From the symptoms of the menopause to long Covid, it can be difficult for employers to identify when individuals may have a disability. What is a disability and what are the risks employers ought to be aware of?
What is a ‘disability’?
Some conditions are automatically deemed to be disabilities, including cancer, HIV and multiple sclerosis. Other conditions can amount to a disability if the following things apply:
- The individual has a physical or mental impairment
- The impairment has a ‘substantial’ and ‘long term’ adverse effect on their ability to carry out normal day-to-day activities (such as walking, writing, standing up for example)
‘Long term’ means that the effects have lasted or are likely to last 12 months or more. An impairment will have a ‘substantial’ effect if its effects are more than minor or trivial.
Why is it important to understand if someone may have a disability?
Employers have a legal obligation to make reasonable adjustments for individuals with disabilities (see ‘Duty to make Reasonable Adjustments’ below for more information). It is also unlawful to discriminate against such individuals in any of the following ways. Note that these protections apply to job applicants and all types of workers (including agency workers) and not just employees.
- Direct discrimination: This is where a person is treated less favourably because of any disability. It can never be justified. An example would be not promoting someone because they have a disability.
- Indirect discrimination: If the employer has a ‘provision, criterion or practice’ (‘PCP’) that applies to all but puts those that suffer with a certain disability at a disadvantage compared to others (such as a requirement to attend work at 9 am) the employer must ‘objectively justify’ it. This means showing there was a legitimate reason for it and that the PCP was a proportionate way to meet that aim.
- Discrimination arising from disability: If an employer treats a disabled person unfavourably because of something that arises in consequence of their disability (such as sickness absence for example) the employer must be able to objectively justify the treatment.
- Harassment and victimisation: Harassment is when a person is subjected to bullying or unwanted behaviour which is related to disability and creates a hostile or offensive environment for them.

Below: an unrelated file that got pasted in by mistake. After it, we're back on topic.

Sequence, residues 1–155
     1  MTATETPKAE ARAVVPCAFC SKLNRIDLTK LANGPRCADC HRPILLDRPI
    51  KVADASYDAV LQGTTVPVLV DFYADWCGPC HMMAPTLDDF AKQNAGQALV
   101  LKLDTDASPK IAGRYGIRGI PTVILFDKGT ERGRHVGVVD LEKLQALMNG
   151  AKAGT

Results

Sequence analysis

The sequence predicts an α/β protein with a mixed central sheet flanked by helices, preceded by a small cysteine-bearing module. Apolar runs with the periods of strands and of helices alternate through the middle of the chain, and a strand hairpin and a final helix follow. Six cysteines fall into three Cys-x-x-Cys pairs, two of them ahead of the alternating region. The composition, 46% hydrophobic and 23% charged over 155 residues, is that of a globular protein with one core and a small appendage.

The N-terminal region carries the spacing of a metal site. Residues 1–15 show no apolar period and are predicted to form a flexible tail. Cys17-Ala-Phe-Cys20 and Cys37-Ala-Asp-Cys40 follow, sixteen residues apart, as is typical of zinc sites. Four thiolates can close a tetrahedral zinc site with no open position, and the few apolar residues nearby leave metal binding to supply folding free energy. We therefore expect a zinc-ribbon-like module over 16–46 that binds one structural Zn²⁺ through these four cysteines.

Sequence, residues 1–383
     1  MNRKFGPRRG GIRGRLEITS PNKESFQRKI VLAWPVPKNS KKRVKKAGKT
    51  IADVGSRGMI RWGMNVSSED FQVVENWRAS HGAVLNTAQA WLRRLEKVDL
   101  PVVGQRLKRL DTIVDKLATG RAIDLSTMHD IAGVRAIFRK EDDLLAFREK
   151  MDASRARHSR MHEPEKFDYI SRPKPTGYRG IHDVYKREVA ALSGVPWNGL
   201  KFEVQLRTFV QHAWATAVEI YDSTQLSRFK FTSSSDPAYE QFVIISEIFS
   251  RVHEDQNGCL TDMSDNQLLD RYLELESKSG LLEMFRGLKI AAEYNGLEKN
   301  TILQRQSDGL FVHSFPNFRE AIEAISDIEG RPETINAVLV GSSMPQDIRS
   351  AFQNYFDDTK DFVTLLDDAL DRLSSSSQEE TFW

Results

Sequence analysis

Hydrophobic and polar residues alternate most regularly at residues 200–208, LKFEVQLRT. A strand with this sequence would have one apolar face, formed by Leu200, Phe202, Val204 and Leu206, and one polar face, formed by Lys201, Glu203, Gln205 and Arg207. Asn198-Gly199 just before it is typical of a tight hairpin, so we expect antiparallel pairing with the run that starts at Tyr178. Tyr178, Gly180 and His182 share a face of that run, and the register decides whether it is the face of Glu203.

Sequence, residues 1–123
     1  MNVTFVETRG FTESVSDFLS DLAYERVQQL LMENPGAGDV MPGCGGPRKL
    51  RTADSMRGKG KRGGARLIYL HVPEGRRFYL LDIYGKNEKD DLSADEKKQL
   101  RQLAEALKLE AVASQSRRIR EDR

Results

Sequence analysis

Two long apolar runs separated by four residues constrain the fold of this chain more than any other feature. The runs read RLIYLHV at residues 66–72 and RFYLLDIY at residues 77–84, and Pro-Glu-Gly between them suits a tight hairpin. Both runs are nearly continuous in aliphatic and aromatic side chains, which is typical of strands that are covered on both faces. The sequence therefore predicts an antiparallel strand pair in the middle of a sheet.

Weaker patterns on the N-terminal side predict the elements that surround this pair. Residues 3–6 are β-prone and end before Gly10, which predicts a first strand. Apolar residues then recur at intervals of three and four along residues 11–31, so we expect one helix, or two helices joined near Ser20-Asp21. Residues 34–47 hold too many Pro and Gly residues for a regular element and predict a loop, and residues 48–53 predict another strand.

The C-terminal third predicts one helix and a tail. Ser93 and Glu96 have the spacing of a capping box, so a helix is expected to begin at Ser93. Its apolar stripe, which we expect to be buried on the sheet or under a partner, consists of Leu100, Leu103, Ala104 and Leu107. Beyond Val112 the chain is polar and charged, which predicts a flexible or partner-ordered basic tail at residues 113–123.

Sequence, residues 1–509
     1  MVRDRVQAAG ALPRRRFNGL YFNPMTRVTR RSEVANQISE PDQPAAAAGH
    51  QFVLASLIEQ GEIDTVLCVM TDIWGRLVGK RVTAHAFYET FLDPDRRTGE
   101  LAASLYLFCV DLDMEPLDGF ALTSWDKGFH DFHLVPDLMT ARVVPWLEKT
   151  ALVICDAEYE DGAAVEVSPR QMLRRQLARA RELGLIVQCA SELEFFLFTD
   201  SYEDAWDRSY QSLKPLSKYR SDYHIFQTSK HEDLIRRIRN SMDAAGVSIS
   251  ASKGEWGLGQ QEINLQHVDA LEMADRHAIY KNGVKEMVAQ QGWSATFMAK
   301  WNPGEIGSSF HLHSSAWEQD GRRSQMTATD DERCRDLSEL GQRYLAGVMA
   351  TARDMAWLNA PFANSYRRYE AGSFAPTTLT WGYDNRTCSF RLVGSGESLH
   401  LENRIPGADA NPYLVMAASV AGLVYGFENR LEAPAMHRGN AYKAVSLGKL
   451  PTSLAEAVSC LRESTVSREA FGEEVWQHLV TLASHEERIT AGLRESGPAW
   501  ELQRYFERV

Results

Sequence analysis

- Victimisation: This where a person is treated detrimentally because they raise a complaint of discrimination, bring a claim in relation to it or assist someone in their complaint or claim.
There are also certain restrictions on asking pre-employment health questions which are outside the scope of this summary.
Duty to make Reasonable Adjustments
If a disabled person would be put at a substantial disadvantage compared to others due to:
- a PCP of the employer
- a workplace feature or
- not having an auxillary aid
then the employer must take reasonable steps to avoid the disadvantage. This might include making adjustments to workplace premises, such as providing a ramp, providing information in accessible formats, e.g., in braille or large font, or altering a disabled worker’s hours. Note the obligation is to make adjustments that are reasonable in the circumstances and there may be adjustments which are too expensive or impractical to put in place.
Failing to comply with these obligations could leave an employer facing a costly claim for disability discrimination. If successful, the employer can be ordered to pay the disabled person uncapped compensation. Bearing in mind these risks, employers should tread carefully where individuals may have a disability and seek appropriate advice.
This note is for information only and is not legal advice. It reflects the position as at 14 October 2021. For any questions, please get in touch with Natasha Adom, Alison Sneddon or your normal GQ|Littler contact.